MSD Animal Health, known as Merck ($MRK) Animal Health in the U.S. and Canada, released a new fish vaccine on Aug. 18 that is intended to protect tilapia from a dangerous strain of Streptococcus agalactiae. Tilapia, a popular farmed food fish feeding a global demand, is especially vulnerable to the strain of strep in Thailand and Malaysia.
The Boxmeer, Netherlands-based company conducted sampling on farms all around the world and found that the strep strain accounted for about 70% of all pathogens collected, which makes it the most prevalent disease affecting farmed tilapia. In MSD's laboratory tests, fish experienced full onset of immunity one week after vaccination with its new vaccine and protection lasted for at least 12 weeks.
MSD's "Strep Control: Your Tilapia Health" program aims to "help producers confirm the strain and biotype present on their farm, implement a surveillance and vaccination program, and train staff on appropriate control strategies," according to the company press release.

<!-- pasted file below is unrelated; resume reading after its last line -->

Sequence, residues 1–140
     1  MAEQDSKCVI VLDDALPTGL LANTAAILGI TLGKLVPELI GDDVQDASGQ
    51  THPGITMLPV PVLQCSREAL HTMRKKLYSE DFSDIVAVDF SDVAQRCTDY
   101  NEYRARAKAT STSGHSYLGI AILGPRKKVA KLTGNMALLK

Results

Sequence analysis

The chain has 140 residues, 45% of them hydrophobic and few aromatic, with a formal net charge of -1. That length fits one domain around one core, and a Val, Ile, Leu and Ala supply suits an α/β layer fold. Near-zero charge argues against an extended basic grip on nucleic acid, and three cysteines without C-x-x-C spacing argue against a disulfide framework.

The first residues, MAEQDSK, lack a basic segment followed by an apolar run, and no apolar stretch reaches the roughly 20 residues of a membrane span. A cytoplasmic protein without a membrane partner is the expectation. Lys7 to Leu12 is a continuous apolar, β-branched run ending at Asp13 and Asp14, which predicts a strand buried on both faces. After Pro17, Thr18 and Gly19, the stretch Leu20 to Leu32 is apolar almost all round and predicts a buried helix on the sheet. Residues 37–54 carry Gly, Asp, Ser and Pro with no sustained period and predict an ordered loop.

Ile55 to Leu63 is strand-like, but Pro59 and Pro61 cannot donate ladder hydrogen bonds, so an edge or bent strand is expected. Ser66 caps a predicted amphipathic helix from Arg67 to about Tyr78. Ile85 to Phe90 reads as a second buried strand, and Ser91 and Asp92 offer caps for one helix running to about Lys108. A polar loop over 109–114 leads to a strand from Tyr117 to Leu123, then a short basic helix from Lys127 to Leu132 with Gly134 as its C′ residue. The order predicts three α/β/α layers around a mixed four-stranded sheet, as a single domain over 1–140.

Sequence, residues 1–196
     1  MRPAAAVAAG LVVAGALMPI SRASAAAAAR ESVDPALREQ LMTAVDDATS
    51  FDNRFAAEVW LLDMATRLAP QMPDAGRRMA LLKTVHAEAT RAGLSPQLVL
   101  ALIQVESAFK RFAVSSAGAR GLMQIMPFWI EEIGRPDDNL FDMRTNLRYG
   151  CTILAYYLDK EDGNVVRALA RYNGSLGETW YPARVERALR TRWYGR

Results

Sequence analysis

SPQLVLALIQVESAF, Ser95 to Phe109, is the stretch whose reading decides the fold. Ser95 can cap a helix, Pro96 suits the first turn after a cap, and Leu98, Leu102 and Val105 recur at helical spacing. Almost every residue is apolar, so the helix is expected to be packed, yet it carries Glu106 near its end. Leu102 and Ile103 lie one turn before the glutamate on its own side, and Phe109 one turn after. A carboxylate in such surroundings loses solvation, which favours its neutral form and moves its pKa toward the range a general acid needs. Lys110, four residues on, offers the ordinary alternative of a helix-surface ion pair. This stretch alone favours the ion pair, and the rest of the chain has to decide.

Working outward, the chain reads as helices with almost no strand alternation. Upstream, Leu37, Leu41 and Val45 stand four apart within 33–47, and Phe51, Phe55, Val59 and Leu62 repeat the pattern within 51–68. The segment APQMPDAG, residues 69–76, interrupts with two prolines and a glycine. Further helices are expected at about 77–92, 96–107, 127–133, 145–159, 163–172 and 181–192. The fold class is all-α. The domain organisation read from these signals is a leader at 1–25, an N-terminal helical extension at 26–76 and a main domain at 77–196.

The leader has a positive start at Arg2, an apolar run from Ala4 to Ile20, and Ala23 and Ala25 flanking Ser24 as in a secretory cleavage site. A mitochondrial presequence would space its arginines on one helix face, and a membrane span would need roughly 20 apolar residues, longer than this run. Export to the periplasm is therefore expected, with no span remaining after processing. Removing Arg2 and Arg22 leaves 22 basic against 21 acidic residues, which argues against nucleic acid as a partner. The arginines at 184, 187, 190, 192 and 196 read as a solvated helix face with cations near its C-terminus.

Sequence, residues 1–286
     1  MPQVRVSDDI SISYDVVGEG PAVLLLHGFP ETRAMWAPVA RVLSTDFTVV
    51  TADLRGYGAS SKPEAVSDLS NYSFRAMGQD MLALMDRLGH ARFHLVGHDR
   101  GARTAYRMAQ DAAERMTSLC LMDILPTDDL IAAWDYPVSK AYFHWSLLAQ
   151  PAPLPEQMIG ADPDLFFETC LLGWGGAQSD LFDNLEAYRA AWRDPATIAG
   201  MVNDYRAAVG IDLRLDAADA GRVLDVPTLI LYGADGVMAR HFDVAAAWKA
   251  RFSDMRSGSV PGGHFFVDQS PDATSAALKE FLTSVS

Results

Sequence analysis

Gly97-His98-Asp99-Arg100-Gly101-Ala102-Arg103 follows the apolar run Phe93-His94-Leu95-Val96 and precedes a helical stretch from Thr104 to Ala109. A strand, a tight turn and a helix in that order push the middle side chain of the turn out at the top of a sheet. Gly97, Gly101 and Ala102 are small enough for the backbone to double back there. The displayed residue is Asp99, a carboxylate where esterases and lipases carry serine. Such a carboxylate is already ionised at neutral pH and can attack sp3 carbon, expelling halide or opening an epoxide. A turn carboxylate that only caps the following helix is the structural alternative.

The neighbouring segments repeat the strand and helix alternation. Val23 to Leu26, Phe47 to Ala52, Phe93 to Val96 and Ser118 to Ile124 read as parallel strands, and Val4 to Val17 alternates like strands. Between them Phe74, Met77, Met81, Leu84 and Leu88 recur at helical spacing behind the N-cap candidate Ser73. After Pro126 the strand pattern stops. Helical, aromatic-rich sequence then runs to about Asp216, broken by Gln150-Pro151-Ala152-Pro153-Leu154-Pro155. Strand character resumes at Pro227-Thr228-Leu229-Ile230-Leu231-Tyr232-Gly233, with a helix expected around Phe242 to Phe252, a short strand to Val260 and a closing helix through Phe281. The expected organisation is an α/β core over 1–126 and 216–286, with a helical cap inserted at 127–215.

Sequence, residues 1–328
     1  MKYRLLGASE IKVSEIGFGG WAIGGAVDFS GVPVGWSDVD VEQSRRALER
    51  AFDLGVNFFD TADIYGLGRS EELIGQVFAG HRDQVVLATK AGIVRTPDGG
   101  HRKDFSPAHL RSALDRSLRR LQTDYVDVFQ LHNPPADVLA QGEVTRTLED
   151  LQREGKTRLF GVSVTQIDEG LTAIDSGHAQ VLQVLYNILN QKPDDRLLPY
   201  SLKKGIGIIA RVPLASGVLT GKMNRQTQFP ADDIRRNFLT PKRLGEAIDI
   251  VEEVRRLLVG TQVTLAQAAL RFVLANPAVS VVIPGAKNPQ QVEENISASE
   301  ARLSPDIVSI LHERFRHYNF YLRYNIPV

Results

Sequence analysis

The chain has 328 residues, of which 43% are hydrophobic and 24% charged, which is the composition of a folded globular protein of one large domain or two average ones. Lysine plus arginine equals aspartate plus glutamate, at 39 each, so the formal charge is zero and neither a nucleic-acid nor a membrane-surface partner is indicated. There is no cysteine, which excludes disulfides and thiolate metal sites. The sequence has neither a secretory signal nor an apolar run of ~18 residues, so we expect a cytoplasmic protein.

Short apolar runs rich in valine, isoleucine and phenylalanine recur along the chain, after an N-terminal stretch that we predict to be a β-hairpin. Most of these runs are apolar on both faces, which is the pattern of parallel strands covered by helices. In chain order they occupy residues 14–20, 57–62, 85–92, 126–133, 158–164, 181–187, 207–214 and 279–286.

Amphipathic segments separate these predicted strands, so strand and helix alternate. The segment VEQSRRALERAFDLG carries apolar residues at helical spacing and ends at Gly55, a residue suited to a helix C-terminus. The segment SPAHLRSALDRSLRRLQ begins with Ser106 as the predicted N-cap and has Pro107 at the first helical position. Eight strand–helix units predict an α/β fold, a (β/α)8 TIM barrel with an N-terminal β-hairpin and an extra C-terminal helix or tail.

In a large-scale field trial in an environment challenged by Streptococcus agalactiae biotype 1, the fish vaccine increased survival by 17%. Protection was demonstrated for the entire grow-out period. MSD maintains that vaccinated fish are safe for consumption.
Sales at Merck Animal Health have faced some headwinds after the company pulled its cattle feed additive Zilmax from the market last year following allegations from farmers of horrifying hoofless heifers. But the Merck unit managed to grow sales ever so slightly in the second quarter, which was better than the company as a whole. It attributed that success to its new FDA-approved canine drug, Bravecto. The company's animal health division reported sales of $872 million, up 2% from the same period last year.
- here's the release
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